Take a close look at these early ads, and you can see that Apple’s evolution to the pinnacle of brand marketing happened not in a straight line, but in a sort of punctuated equilibrium that parallels the gradual maturing of computing itself. At first, PCs were for hobbyists interested in performance and features, and the ads reflected that. But as the machines began to sell into the millions, Apple’s ads began to emphasize how they were “the computer for the rest of us,” as the first Macintosh ads called them.

That first one for the Apple-1 in 1976, rivetingly entitled “A Balance of Features,” was appallingly amateurish. The ad, released only a few months after Jobs and Steve Wozniak showed the prototype at the Homebrew Computer Club in SiliconValley and incorporated their company, was stuffed full of technical features in a way that’s unimaginable today. For instance, the ad touted the ability to attach a keyboard and monitor to allow “the efficient entry and examination of programs in hexidecimal notation.” Who knew?

There was even a misspelling in the first line, a sign that Jobs’ famous perfectionism hadn’t quite kicked in yet. …

Read the complete post, including a photo gallery of the ads, at The New Persuaders.

Experts Trump Friends (And Facebook) For Advice On Buying Tech Products

Problem for Facebook and Twitter?

From my Forbes.com blog The New Persuaders:

To hear Facebook tell it, its Sponsored Stories, which let marketers tap people’s comments or “likes” of products to create an ad for their friends, are the future of advertising. And they’re apparently doing quite well for the social network.

But when it comes to technology products in particular, which account for more than a fifth of online advertising, friends, social networks, and even any kind of advertising all rank well below articles by experts in the field when it comes to consumers researching what to buy. That’s according to a recent survey by tech blog network NetShelter Technology Media, for which audience tracker Crowd Science polled more than 1,000 people on 74 tech blogs such as 9to5Mac, Crackberry.com, and MacRumors.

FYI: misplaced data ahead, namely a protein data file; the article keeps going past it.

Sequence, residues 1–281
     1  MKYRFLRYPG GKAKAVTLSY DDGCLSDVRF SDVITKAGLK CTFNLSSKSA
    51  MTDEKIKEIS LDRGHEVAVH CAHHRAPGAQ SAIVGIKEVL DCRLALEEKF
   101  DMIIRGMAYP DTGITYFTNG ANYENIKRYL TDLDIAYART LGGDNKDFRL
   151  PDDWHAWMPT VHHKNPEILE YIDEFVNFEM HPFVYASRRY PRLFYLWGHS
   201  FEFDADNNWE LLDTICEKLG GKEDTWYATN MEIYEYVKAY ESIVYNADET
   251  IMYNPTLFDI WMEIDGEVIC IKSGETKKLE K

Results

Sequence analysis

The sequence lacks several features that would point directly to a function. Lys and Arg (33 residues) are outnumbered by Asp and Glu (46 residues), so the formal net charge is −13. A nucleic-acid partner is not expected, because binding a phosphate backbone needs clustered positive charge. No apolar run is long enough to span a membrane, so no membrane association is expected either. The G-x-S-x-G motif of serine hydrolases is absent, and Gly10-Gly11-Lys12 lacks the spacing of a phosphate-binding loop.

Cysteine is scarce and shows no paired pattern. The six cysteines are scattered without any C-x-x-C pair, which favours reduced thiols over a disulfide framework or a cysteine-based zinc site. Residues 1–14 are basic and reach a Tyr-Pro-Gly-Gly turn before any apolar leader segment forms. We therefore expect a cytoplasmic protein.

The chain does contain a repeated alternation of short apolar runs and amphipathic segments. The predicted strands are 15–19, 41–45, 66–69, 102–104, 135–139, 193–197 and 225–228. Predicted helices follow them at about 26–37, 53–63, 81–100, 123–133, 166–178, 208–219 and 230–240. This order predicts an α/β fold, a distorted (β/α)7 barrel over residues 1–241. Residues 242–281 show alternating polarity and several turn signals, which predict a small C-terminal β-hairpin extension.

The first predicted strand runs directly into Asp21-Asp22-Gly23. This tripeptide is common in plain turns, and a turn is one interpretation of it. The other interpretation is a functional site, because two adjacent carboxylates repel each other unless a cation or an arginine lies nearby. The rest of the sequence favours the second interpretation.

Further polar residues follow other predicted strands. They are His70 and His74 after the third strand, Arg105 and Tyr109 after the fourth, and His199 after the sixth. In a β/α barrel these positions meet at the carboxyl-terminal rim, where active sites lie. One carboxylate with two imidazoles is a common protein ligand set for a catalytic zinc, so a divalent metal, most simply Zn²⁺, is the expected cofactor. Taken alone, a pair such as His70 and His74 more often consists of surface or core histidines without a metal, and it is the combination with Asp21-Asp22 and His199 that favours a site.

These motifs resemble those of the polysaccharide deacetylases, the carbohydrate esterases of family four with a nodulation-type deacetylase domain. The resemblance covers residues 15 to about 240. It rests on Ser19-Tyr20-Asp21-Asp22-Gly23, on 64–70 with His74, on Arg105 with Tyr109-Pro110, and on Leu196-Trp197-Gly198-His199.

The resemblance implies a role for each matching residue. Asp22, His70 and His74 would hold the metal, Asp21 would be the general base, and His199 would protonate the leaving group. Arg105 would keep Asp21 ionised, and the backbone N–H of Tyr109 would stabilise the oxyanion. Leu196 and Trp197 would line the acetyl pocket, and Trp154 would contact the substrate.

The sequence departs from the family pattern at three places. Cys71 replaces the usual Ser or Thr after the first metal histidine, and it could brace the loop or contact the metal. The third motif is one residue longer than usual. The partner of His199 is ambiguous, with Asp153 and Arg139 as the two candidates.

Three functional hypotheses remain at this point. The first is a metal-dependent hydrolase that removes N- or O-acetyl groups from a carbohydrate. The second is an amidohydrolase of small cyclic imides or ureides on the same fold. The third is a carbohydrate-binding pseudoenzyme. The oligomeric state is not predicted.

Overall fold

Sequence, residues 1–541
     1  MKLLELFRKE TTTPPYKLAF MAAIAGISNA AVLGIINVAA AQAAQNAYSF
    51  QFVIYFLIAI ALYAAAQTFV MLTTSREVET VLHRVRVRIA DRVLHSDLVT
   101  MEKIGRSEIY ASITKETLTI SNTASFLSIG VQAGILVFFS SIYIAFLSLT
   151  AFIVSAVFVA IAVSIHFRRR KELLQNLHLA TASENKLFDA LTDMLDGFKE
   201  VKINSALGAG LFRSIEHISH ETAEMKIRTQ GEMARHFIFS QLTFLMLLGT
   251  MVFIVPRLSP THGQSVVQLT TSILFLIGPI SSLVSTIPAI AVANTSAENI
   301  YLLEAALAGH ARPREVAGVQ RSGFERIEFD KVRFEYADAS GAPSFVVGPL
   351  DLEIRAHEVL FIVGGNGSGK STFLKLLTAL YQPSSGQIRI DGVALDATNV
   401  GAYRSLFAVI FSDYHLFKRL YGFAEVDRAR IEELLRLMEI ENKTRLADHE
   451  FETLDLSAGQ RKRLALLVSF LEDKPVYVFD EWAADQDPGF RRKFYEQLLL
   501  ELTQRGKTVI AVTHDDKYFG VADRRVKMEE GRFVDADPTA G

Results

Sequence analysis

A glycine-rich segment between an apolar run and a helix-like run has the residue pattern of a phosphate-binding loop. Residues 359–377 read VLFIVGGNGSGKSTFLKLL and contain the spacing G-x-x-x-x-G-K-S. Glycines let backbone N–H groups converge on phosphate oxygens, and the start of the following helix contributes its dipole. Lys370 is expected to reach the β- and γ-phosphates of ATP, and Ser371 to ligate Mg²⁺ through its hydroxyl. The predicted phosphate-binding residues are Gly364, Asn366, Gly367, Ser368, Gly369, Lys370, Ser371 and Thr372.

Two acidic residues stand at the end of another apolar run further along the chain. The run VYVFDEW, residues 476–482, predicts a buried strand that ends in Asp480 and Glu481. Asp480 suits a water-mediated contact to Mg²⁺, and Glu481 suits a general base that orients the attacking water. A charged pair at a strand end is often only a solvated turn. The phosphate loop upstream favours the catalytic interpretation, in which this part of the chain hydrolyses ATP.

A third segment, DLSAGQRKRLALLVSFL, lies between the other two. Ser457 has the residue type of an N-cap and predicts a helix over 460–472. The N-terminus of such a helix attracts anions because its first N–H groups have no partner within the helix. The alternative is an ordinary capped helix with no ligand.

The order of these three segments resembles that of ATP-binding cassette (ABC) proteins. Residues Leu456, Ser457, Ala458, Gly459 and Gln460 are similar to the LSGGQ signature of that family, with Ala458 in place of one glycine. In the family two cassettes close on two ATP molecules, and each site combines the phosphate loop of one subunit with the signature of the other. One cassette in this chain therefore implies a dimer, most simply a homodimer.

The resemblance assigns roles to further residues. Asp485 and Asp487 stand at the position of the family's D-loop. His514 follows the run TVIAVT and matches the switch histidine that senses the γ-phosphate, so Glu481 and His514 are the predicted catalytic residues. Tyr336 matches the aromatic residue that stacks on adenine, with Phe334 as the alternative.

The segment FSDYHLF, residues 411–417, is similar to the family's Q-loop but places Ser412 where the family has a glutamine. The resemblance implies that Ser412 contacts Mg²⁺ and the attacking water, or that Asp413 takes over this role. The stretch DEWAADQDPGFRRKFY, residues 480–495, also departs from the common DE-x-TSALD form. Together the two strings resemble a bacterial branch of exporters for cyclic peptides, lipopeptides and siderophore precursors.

Some tidbits from the survey:

* 85% of respondents said the most useful and influential online content when they’re considering buying tech products are articles, reviews, blog posts, and videos by experts. That’s far more than 35% who cited brand content, 33% who trust family and friends, and just 6% who are most influenced by advertising.

* 70% of people said they don’t turn to Facebook, Twitter, or other social media when they want to buy a tech product. Only 9% consult a Facebook brand page, 4% consider brand “likes,” and 8% pay attention to likes or recommendations from Facebook friends.

* Email is the preferred way 69% of people like to share articles and reviews, while 37% use Facebook, 15% use Twitter, and 20% use LinkedIn. …

Read the complete post at The New Persuaders.